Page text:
Justice Brandeis would be proud … or would he?
April 8, 2008
The Waltham-based university named after the late and great Supreme Court Justice, Louis D. Brandeis, champion of free speech and free thought, has just achieved the dubious distinction of winning one of the "muzzle awards" given out annually by the highly respected Thomas Jefferson Center for the Protection of Free Expression, located in Charlottesville, Virginia.
Twelve "winners" were picked this year, and Brandeis was chosen for its utterly incomprehensible efforts to punish a tenured faculty member, long-time Professor Donald Hindley, for his having used the word "wetback" in what turns out to be a perfectly appropriate and relevant manner during a lecture on Mexican politics and culture. It's an offensive word, Brandeis' Provost concluded, notwithstanding the available evidence that Professor Hindley was actually criticizing the racist use of the term. (Of course, even if Hindley approved of such use of the term, it would be his right. But the irony of punishing an anti-racist classroom lecture, on grounds of racial or ethnic intolerance or harassment, is just too much.)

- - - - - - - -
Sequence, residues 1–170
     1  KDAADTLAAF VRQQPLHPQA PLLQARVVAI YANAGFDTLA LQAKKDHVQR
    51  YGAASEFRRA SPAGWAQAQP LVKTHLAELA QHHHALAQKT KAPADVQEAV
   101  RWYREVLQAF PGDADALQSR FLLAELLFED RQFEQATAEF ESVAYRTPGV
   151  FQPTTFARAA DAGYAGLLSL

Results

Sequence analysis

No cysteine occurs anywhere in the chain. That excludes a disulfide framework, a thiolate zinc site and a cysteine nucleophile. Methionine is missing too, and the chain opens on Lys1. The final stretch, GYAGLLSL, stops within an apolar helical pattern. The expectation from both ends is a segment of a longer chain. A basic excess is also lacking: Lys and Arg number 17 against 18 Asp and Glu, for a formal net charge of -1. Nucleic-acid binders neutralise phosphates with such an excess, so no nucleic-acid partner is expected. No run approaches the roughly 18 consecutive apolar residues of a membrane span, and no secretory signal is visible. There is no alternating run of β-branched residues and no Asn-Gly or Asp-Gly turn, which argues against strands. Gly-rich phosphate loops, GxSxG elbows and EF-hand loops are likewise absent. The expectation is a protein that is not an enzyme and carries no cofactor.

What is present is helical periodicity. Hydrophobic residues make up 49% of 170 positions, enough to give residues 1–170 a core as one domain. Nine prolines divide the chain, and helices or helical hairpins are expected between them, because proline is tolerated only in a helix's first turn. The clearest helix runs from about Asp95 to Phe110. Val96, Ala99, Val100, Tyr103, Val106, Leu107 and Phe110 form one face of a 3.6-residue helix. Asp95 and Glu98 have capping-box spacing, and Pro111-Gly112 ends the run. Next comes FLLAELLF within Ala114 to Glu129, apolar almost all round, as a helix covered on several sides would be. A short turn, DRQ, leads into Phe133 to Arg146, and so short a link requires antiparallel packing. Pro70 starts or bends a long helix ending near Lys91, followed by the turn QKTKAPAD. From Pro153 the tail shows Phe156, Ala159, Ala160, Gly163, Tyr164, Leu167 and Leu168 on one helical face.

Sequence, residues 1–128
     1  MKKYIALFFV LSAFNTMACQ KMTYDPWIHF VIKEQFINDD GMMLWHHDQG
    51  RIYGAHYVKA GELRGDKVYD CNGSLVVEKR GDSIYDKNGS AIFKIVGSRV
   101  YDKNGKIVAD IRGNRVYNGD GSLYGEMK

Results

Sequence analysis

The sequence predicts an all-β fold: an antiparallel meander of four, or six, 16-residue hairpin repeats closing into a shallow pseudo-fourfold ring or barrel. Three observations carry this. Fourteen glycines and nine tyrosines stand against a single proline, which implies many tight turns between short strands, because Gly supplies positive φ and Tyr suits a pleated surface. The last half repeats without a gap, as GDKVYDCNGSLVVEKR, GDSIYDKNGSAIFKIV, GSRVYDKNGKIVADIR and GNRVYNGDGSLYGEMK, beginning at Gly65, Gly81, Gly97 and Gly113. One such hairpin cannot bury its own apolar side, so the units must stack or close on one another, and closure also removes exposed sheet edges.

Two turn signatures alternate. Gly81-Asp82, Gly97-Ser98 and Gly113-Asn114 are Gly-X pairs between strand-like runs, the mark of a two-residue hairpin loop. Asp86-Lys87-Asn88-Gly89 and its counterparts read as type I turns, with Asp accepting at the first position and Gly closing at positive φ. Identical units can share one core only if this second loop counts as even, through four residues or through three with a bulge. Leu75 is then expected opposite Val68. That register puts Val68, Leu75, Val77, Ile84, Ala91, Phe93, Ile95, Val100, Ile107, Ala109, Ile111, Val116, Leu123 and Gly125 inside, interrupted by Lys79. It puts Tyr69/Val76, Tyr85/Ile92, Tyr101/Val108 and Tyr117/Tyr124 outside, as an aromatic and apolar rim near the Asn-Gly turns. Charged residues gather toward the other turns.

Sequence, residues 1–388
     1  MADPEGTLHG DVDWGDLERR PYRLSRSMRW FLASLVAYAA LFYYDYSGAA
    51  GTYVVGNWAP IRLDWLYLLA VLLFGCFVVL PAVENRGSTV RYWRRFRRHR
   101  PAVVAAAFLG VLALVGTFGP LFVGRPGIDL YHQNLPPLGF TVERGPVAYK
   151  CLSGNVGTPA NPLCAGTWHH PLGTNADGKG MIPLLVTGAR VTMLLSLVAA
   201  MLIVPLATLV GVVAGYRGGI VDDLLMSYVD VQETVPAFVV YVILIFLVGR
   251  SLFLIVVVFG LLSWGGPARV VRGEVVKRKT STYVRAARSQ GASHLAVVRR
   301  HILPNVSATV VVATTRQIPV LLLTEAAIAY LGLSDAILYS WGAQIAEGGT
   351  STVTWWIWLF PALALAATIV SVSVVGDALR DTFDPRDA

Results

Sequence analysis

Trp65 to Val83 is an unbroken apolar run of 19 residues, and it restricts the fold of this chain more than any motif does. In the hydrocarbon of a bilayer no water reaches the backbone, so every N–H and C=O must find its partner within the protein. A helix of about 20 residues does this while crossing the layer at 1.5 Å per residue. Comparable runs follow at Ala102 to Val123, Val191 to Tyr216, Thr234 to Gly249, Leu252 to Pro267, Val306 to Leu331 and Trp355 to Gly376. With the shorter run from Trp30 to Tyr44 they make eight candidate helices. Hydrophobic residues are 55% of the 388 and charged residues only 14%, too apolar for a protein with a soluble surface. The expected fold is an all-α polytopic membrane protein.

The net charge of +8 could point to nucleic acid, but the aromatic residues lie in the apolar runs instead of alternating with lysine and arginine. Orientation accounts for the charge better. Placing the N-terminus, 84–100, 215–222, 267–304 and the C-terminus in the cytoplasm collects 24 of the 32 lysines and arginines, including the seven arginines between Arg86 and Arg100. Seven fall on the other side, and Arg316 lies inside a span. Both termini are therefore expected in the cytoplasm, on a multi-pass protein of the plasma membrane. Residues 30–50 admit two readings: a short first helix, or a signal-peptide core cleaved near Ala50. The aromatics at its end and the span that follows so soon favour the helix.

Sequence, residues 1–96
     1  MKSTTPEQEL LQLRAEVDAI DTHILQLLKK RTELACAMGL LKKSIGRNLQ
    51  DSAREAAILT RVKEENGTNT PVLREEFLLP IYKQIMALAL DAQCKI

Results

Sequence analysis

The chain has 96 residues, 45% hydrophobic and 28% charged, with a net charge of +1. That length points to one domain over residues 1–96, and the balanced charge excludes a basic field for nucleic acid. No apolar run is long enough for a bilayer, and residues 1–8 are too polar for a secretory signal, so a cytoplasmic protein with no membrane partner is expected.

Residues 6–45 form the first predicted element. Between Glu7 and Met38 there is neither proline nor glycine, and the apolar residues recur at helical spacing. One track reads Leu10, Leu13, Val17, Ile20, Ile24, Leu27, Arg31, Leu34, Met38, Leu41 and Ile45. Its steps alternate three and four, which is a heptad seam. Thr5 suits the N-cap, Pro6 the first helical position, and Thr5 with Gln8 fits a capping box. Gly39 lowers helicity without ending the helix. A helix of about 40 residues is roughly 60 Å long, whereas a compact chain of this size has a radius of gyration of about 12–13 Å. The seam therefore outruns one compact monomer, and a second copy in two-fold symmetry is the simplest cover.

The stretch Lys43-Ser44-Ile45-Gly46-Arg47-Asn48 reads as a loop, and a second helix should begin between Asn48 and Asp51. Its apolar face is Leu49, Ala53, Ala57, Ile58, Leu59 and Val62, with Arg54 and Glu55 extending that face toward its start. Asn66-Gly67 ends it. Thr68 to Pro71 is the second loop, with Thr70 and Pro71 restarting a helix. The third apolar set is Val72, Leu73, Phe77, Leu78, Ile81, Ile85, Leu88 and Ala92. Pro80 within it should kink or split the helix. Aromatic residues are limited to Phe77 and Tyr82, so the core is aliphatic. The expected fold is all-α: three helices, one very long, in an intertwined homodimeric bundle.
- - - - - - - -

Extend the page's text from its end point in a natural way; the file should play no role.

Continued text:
The battle against the Brandeis censors in the Hindley case as well as other recent attempts at suppression of speech has been taken up by the Philadelphia-based Foundation for Individual Rights in Education, of which I am co-founder and currently serve as Chairman of the Board of Directors. It is nice to see that the First Amendment Center agrees that battling censorship at Brandeis is a worthy goal. Maybe Brandeis President Yehuda Reinharz will begin to get the hint and undertake a conversion of Brandeis' culture into something that Justice Brandeis would recognize and of which he would approve.
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